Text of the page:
see http://formontana.net/uboats.html and http://en.wikipedia.org/wiki/Strait_...ow_and_outflow

Last edited by Urban; 08-03-2011 at 12:51 PM.
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Old 08-03-2011, 01:28 PM   #14
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Default Re: [WWII] Italian submarine comfort

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The Germans tried to send 62 subs into the mediterranean, 9 were sunk while attempting and 21 had to abort due to damage or turned back due to high risk.
Thanks. I think I have a hypothesis now. The Italians mostly came out in 1940; the Germans were trying to go in in late 1941 onwards. The patrols could have been significantly improved in that time; the British were a bit amateur about a lot of things in the early part of the war.
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Old 08-04-2011, 11:36 AM   #15
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Default Re: [WWII] Italian submarine comfort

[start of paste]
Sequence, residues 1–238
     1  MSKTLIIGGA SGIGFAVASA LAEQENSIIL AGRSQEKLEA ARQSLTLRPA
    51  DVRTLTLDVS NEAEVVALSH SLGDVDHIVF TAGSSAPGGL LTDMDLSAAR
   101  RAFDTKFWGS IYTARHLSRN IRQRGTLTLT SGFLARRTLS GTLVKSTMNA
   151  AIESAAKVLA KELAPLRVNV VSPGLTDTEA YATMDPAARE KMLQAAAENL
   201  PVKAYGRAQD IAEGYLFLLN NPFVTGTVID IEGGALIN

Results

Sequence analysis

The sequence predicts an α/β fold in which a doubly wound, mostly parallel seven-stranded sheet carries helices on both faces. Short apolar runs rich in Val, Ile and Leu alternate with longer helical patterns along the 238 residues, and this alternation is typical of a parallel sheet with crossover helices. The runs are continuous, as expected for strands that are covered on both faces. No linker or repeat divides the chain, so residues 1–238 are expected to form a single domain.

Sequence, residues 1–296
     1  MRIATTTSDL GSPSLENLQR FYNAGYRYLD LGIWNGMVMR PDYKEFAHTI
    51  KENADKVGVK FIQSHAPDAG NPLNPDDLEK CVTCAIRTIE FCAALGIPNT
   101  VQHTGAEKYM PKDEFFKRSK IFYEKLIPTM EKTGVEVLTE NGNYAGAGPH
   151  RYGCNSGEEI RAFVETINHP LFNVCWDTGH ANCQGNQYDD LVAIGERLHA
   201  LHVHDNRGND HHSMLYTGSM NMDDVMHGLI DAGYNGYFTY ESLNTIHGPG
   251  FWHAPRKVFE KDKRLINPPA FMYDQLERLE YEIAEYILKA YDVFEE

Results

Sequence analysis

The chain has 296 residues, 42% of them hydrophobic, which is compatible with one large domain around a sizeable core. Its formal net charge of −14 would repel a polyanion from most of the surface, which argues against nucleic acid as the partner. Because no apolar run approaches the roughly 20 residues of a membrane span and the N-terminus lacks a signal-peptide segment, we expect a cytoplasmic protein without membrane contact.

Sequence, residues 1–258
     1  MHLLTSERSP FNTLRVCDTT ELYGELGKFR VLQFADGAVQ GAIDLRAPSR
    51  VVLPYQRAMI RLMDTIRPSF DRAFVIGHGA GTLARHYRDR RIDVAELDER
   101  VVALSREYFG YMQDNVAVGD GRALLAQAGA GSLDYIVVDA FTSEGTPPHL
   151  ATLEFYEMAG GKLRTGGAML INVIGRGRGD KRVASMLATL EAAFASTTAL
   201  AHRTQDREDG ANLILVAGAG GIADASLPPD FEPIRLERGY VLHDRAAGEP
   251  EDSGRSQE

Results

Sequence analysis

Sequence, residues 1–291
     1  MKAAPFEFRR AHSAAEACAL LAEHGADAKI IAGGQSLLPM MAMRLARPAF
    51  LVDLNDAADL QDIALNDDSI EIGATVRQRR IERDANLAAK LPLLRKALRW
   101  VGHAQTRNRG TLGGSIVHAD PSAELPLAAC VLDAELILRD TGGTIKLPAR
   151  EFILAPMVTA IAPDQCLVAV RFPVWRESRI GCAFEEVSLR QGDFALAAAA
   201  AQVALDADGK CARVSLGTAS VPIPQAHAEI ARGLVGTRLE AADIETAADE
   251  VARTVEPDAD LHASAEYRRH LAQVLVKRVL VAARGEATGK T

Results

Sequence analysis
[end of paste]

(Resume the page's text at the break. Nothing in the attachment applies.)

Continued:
A coupke things I add from some additional reading:

1) One of my books claims that in the winter of 1940-41, Italy was operating more submarines in the Atlantic than Germany. Considering that in September 1939, Italy had 107 submarines* and the Germans only 65, this seems a likely assertion.

2) The same book also blames most of the lack of success of Italian subs to the overcautious nature of their commanders, who apparently were much less willing to risk their boats than U-boat skippers.

* Only Russia, with around 150, had more
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Old 08-04-2011, 11:44 AM   #16